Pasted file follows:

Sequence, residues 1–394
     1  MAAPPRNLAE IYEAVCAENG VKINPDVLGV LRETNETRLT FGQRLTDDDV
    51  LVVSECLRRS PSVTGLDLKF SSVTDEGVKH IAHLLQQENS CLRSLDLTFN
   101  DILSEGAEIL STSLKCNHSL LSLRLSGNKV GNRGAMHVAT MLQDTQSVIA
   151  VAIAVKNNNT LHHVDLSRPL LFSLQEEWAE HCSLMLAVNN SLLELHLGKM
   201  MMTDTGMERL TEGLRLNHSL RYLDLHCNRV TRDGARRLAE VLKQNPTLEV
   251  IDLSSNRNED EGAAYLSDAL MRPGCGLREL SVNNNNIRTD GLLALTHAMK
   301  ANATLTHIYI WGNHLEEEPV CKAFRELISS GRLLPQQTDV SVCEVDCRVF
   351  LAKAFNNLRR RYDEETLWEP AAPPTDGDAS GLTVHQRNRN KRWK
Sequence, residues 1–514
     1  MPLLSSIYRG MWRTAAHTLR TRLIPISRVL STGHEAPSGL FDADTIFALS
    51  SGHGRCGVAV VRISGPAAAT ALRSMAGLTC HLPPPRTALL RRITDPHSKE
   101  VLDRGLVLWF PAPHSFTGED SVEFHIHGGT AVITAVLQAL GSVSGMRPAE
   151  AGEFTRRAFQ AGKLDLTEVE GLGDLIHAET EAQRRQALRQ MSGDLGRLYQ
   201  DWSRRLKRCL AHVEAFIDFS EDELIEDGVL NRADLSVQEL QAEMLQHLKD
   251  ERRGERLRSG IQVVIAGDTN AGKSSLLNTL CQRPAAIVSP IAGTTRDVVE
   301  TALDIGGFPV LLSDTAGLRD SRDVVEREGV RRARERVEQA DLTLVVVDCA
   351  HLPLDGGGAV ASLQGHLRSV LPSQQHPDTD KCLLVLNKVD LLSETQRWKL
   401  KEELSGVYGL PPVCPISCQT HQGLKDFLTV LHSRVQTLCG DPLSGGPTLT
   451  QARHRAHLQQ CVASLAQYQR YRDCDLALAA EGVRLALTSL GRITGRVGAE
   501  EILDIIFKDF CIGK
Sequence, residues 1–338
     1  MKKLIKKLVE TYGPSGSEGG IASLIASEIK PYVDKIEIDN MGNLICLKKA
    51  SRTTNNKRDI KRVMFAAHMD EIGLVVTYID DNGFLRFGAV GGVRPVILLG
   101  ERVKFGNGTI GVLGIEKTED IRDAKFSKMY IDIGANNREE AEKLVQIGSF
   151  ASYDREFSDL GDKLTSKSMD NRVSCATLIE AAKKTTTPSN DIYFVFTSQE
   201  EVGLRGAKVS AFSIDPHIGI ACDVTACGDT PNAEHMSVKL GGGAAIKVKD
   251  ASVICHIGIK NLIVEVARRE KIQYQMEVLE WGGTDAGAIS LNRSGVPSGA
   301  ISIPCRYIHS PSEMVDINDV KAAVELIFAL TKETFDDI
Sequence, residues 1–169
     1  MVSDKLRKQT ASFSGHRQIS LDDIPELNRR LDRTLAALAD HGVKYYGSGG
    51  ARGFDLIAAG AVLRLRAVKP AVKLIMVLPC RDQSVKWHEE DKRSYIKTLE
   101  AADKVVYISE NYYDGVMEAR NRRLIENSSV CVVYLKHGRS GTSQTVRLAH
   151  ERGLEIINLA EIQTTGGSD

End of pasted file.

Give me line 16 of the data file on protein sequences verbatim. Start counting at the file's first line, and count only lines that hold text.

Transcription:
   251  ERRGERLRSG IQVVIAGDTN AGKSSLLNTL CQRPAAIVSP IAGTTRDVVE